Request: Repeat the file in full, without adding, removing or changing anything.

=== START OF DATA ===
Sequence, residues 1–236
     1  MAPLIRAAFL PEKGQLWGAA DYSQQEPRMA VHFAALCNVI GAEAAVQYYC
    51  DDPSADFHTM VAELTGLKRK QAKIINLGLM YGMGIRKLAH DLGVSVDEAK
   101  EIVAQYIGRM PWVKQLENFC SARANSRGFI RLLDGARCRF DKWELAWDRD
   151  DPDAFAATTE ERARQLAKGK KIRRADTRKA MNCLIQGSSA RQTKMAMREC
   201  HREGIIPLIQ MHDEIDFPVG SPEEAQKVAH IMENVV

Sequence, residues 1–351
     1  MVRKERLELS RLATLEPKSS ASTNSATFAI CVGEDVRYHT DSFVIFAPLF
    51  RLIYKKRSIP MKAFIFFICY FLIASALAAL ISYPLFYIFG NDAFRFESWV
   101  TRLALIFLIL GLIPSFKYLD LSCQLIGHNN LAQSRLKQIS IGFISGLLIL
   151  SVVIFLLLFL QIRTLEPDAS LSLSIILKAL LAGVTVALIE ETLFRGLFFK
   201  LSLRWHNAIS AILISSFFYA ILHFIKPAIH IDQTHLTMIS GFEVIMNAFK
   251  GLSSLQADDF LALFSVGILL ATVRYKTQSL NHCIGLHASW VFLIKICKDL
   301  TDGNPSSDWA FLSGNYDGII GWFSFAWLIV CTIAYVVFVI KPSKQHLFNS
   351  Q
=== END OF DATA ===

Sequence, residues 1–236
     1  MAPLIRAAFL PEKGQLWGAA DYSQQEPRMA VHFAALCNVI GAEAAVQYYC
    51  DDPSADFHTM VAELTGLKRK QAKIINLGLM YGMGIRKLAH DLGVSVDEAK
   101  EIVAQYIGRM PWVKQLENFC SARANSRGFI RLLDGARCRF DKWELAWDRD
   151  DPDAFAATTE ERARQLAKGK KIRRADTRKA MNCLIQGSSA RQTKMAMREC
   201  HREGIIPLIQ MHDEIDFPVG SPEEAQKVAH IMENVV

Sequence, residues 1–351
     1  MVRKERLELS RLATLEPKSS ASTNSATFAI CVGEDVRYHT DSFVIFAPLF
    51  RLIYKKRSIP MKAFIFFICY FLIASALAAL ISYPLFYIFG NDAFRFESWV
   101  TRLALIFLIL GLIPSFKYLD LSCQLIGHNN LAQSRLKQIS IGFISGLLIL
   151  SVVIFLLLFL QIRTLEPDAS LSLSIILKAL LAGVTVALIE ETLFRGLFFK
   201  LSLRWHNAIS AILISSFFYA ILHFIKPAIH IDQTHLTMIS GFEVIMNAFK
   251  GLSSLQADDF LALFSVGILL ATVRYKTQSL NHCIGLHASW VFLIKICKDL
   301  TDGNPSSDWA FLSGNYDGII GWFSFAWLIV CTIAYVVFVI KPSKQHLFNS
   351  Q